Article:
BEREA — Myles Garrett is on pace for 16 sacks this season, but it won't be enough for the defensive end unless he truly dominates more often.

"I need some more highlight games, some games that you go back and you're like, 'He took over,' " Garrett said Friday. "The [season opener against the Pittsburgh] Steelers might have been one of them, but I need some more of those."

Garrett had two sacks, two forced fumbles and a pass defensed in the 21-21 tie with the Steelers. His next opportunity to make a splash will come Sunday when the Browns (2-2-1) host the Los Angeles Chargers (3-2).

Seven-time Pro Bowl quarterback Philip Rivers led the Chargers to a 19-10 win over Garrett and the Browns last season in Carson, Calif., and managed to avoid being sacked by No. 95.

"You want to know where guys like that are so you can be aware and so you can try to do what you can to handle them if you need to do anything extra protection-wise," Rivers said during a conference call.

Garrett pays close attention to how quickly or slowly a quarterback releases the ball. He said Rivers falls somewhere between the last two quarterbacks he faced, Derek Carr of the Oakland Raiders and Joe Flacco of the Baltimore Ravens. Garrett had a half sack against each of them.

"Sometimes [Rivers will] hold it, and sometimes he'll get it off just as quick as Carr," Garrett said. "So it just depends. If he wants to make a big play, he'll hold onto it, and if he needs to make a big throw, he'll step into it, and that will take a couple more ticks."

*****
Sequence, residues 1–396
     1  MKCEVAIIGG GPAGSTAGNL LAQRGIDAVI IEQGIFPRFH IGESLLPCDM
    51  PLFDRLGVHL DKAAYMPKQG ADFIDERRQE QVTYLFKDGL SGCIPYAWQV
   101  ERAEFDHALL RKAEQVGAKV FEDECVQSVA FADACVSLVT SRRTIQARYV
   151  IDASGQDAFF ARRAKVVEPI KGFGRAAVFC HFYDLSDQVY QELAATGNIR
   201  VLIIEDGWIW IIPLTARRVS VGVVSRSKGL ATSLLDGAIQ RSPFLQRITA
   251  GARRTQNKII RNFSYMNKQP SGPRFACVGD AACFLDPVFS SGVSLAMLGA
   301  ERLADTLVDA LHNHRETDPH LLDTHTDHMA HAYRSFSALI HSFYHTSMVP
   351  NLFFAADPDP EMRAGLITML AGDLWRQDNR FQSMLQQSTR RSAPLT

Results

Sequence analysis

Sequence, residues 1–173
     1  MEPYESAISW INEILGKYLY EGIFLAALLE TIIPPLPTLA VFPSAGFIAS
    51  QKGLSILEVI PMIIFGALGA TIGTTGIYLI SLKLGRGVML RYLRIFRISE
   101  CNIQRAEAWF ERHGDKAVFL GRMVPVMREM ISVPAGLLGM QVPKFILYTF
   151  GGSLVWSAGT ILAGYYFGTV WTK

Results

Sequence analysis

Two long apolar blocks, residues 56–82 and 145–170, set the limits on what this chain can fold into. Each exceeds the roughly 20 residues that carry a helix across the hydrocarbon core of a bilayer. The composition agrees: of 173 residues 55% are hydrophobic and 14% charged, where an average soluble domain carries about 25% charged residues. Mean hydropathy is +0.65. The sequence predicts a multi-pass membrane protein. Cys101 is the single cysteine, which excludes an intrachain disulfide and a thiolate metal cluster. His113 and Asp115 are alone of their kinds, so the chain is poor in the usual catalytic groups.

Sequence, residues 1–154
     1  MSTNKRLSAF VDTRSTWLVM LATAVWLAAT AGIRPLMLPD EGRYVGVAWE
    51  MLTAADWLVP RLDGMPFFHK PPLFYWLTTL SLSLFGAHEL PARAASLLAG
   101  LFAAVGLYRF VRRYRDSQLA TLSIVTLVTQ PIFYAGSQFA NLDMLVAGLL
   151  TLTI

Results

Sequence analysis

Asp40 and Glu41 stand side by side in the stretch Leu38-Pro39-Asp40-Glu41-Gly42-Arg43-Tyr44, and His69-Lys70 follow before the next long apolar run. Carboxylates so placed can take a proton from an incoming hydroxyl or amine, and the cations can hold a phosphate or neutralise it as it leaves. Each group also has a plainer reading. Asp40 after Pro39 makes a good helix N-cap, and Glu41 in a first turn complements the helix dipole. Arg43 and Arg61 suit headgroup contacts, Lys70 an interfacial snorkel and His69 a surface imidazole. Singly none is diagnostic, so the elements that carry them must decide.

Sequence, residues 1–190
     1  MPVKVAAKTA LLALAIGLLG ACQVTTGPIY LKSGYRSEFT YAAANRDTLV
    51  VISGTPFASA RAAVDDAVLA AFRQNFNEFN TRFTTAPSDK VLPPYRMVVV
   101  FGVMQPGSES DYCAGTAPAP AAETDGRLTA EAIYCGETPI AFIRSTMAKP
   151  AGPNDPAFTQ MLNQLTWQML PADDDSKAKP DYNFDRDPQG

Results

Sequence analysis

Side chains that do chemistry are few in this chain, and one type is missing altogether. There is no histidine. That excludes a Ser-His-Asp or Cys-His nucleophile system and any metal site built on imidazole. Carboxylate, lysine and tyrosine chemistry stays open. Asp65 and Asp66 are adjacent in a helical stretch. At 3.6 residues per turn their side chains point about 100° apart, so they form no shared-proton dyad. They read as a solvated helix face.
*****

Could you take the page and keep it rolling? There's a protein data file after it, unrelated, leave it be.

The No. 1 overall pick in last year's draft, Garrett is tied for fifth in the NFL with five sacks. Three players are tied for first with six sacks.

"I think I can go for [the league lead] this year," Garrett said.

Told Browns defensive line coach Clyde Simmons led the NFL with 19 sacks in 1992 as a member of the Philadelphia Eagles, Garrett said, "Oooh, might have to pick it up then."

Garrett's mission to rack up sacks has caused him to take the advice of Simmons, defensive coordinator Gregg Williams and Hall of Fame defensive end Bruce Smith about how to better anticipate when the center will snap the ball. Trying to get the best possible jump has resulted in three offside penalties and a neutral zone infraction Garrett insisted he can tolerate.

"More than a couple times I've been right with the ball," he said. "I might have been a little bit too fast for the ref, so he might have to catch up to me. Going back and watching, it's definitely close, and I'm going to keep on walking the line. I've got to avoid the ones where it's obvious. But the ones where it's 50-50, I'm going to take those every time."

The Chargers have detected signs of Garrett's growth from his rookie season until now. After missing five games last year because of a high-ankle sprain and a concussion, he has 12 sacks in his first 16 games.

"He was a heck of a player last year," Rivers said. "He has even improved. The thing that impresses me is his ability. He's not just your 'line up at end and rush' [player]. He can do that with the best of them, but his ability when he's stemming down to the A gap and doing so many different things in there in the blitz packages, he still finds a way to relentlessly rush."

"The biggest difference is you're seeing other people get more involved winning one on ones, and you just can’t always slide the protection to Myles," Chargers coach Anthony Lynn said on a conference call. "There are going to be some times when you got to leave him out there one on one with the tackle — we have a pretty good tackle — but that isn't a good thing to do all day with a guy like Myles. He's an elite rusher."

Nate Ulrich can be reached at nulrich@thebeaconjournal.com. Read his Browns coverage at www.ohio.com/browns. Follow him on Twitter at www.twitter.com/ByNateUlrich and on Facebook www.facebook.com/abj.sports.